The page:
A US man has become the first person in the world to get a heart transplant from a genetically-modified pig.
David Bennett, 57, is doing well three days after the experimental seven-hour procedure in Baltimore, doctors say.
The transplant was considered the last hope of saving Mr Bennett’s life, though it is not yet clear what his long-term chances of survival are.
“It was either die or do this transplant,” Mr Bennett explained a day before the surgery.
“I know it’s a shot in the dark, but it’s my last choice,” he said.
Doctors at the University of Maryland Medical Center were granted a special dispensation by the US medical regulator to carry out the procedure, on the basis that Mr Bennett would otherwise have died.
He had been deemed ineligible for a human transplant, a decision that is often taken by doctors when the patient is in very poor health.
For the medical team who carried out the transplant, it marks the culmination of years of research and could change lives around the world.
Surgeon Bartley Griffith said the surgery would bring the world “one step closer to solving the organ shortage crisis”, the University of Maryland School of Medicine said in a release. That crisis means that 17 people a day in the US die waiting for a transplant, with more than 100,000 reportedly on the waiting list.
The possibility of using animal organs for so-called xenotransplantation to meet the demand has long been considered, and using pig heart valves is already common.
In October 2021, surgeons in New York announced that they had successfully transplanted a pig’s kidney into a person. At the time, the operation was the most advanced experiment in the field so far.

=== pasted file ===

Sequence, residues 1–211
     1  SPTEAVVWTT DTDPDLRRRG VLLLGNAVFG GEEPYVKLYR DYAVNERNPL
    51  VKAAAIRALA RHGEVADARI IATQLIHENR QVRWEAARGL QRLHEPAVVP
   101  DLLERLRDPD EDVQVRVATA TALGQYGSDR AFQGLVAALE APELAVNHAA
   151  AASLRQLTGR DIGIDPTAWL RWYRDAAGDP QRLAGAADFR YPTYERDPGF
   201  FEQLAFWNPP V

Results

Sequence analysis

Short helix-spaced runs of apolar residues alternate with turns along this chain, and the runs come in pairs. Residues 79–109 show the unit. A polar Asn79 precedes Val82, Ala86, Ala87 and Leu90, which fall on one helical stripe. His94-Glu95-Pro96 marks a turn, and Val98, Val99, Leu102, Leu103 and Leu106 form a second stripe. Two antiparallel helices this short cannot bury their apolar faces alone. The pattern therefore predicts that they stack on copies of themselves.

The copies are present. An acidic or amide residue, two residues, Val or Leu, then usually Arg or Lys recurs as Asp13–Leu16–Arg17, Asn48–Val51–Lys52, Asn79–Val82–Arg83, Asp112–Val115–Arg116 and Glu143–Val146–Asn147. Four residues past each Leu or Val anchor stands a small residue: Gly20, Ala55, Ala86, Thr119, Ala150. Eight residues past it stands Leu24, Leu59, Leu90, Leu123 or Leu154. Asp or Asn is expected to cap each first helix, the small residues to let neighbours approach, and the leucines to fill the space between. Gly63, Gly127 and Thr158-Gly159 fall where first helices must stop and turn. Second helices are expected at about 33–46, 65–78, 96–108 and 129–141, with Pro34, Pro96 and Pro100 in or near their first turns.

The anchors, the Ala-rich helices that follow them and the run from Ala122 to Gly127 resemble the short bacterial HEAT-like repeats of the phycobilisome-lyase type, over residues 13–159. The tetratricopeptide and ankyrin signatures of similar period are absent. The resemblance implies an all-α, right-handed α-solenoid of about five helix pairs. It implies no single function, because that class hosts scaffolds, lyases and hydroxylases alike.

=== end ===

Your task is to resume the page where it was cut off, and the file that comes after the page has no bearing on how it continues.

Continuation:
However, the recipient on that occasion was brain dead with no hope of recovery.
Mr Bennett, however, is hoping his transplant will allow him to continue with his life. He was bedridden for six weeks leading up to the surgery, and attached to a machine which kept him alive after he was diagnosed with terminal heart disease. Muhammad Mohiuddin from the University of Maryland calls the transplant a “game-changer”
“I look forward to getting out of bed after I recover,” he said last week.
On Monday, Mr Bennett was reported to be breathing on his own while being carefully monitored.
But exactly what will happen next is unclear. The pig used in the transplant had been genetically modified to knock out several genes that would have led to the organ being rejected by Mr Bennett’s body, the AFP news agency reports.
Mr Griffith said they were proceeding cautiously and carefully monitoring Mr Bennett, while his son David Bennett Jr told the Associated Press that the family were “in the unknown at this point”.
But he added: “He realises the magnitude of what was done and he really realises the importance of it.”
“We’ve never done this in a human and I like to think that we, we have given him a better option than what continuing his therapy would have been,” Mr Griffith said. “But whether [he will live for] a day, week, month, year, I don’t know.”